17 February 1840|
23 November 1897 (aged 57)|
|Buildings||Eiffel Tower, Garabit viaduct and Faidherbe Bridge|
Émile Nouguier (17 February 1840 – 23 November 1897) was a French civil engineer and architect. He is famous for co-designing the Eiffel Tower, built 1887–1889 for the 1889 Universal Exposition in Paris, France, the Garabit viaduct, the highest in the world at the time, near Ruynes-en-Margeride, Cantal, France, and the Faidherbe Bridge over the Sénégal River in Senegal.
In 1861 he attended and graduated the École Polytechnique in Paris, in 1862 he joined the École nationale supérieure des mines de Paris from which he graduated in 1865 with the title of mining construction engineer.
After graduating, Émile Nouguier started to work for Ernest Goüin et Cie. and was involved in the construction of:
- Expo Palace in Paris, 1867;
- Road bridge on Rue Brémontier in Paris;
- Rybink Bridge over the Volga River in Russia;
- Margaret Bridge over the Danube River in Budapest, Hungary.
Career with Gustave Eiffel
In 1867 Émile Nouguier was employed by Eiffel et Cie, later the Compagnie des Establissments Eiffel owned by Gustave Eiffel and between 1867 and 1893 he contributed to many construction projects:
- Empalot Bridge, Valentine Bridge and Sarrieu Bridge over the Garonne River;
- Cubzac-les-Ponts Bridge over the Dordogne River;
- Tardes viaduct over the Tardes River;
- Garabit viaduct;
- Port-Mort Dam over the Seine River;
- Eiffel Tower in Paris;
- Maria Pia Bridge in Porto, Portugal;
- Vianna Bridge over the Limia River in Portugal;
- Railroad bridges in Portuguese provinces Minho, Douro Litoral and Beira Alta;
- Railroad bridge over the Tagus River in Spain;
- Railroad bridges in the Spanish provinces Asturias, León and Galicia;
- Railroad bridges on the Ploieşti – Predeal railway in Romania;
- Bridge over the Tisza River near Szeged, Hungary.
Contribution to the Eiffel Tower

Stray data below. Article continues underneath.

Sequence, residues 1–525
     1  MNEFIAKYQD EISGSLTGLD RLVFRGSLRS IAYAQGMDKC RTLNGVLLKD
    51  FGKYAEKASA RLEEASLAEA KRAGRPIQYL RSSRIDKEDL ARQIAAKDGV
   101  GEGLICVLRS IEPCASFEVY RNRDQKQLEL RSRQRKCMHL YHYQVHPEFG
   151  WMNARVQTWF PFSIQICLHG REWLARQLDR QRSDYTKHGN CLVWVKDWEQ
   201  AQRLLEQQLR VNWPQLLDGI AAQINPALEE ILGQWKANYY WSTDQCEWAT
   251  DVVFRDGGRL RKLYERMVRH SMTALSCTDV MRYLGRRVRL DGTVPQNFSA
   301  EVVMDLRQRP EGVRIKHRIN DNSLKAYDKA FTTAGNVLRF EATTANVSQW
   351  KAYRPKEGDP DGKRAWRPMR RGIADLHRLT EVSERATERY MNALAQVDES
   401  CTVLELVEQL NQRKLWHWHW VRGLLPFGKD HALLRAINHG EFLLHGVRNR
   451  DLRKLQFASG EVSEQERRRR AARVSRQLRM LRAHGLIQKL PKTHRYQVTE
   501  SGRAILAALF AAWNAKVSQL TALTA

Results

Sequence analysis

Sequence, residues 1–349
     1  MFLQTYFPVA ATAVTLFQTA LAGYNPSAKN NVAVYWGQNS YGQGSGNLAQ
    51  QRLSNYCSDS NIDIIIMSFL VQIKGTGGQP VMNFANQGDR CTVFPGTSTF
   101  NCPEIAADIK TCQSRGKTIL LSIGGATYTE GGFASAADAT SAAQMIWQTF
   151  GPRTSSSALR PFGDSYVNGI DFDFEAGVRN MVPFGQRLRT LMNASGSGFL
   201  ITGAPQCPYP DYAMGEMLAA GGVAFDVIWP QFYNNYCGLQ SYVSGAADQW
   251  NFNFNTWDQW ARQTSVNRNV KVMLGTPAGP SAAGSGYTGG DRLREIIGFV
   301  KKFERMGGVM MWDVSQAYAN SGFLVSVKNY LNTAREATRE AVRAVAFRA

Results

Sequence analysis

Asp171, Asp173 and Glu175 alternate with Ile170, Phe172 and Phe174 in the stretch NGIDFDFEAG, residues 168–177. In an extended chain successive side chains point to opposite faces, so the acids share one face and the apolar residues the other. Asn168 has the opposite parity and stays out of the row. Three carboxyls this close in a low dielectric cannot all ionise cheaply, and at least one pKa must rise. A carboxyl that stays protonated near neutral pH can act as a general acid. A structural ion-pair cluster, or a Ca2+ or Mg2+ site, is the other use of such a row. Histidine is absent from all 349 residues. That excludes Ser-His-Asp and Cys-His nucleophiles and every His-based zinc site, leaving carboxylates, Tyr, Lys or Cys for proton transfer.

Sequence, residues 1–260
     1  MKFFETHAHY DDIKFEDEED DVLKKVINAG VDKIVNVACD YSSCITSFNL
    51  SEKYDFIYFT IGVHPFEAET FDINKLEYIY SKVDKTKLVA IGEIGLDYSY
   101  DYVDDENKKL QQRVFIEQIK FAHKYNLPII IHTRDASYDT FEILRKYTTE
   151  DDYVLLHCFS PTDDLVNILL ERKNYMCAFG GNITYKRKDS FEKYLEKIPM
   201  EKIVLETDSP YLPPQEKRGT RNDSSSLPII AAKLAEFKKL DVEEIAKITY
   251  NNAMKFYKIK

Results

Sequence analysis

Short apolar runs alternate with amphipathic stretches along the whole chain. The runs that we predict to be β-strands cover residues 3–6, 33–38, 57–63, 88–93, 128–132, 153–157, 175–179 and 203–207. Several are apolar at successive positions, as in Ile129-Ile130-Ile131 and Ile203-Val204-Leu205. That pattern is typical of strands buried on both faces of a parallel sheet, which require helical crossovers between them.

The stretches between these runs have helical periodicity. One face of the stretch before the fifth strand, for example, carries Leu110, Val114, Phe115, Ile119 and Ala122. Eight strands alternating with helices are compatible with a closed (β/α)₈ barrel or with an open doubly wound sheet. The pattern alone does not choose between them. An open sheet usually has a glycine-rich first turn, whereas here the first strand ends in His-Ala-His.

In 1884 Nouguier and the structural engineer Maurice Koechlin, who also worked for Eiffel, came up with the idea of a large tower to act as the centerpiece of the Universal Exposition which was to be held in 1889. The two engineers consulted Stephen Sauvestre, head of the architectural division of the Eiffel company, who added embellishments including the decorative arches of the base and the glazed pavilion on the first level. The proposal was put before Eiffel, who approved the project, and presented it to the French Minister for Trade and Industry.
In 1884 Gustave Eiffel, Émile Nouguier and Maurice Koechlin registered a patent for the construction of pylons with heights of over 300 m. Later Gustave Eiffel bought the rights from the other two for one percent of the total earnings of the tower if it will be built. They received around 50,000 francs.
Last years of activity
In 1893 Nouguier resigned from the Gustave Eiffel Entreprise and became co-president of Nouguier, Kessler et Cie in Argenteuil, Île-de-France. He continued to work on many important projects, including:
- Tourville Bridge and Oissel Bridge over the Seine River on the Paris – Rouen railway
- The compressed air foundations for the bridges at Maisons-Laffitte for the Paris – Rouen railway
- Faidherbe Bridge over the Sénégal River in Senegal
- The bridge at Disuq over the River Nile in Egypt
- Road bridges in La Chapelle Boulevard and Rue de Jessaint in Paris
- Saint-Bernard Bridge in Paris.
In popular culture
Émile Nouguier is a main character in the 2016 novel To Capture What We Cannot Keep by British author Beatrice Colin.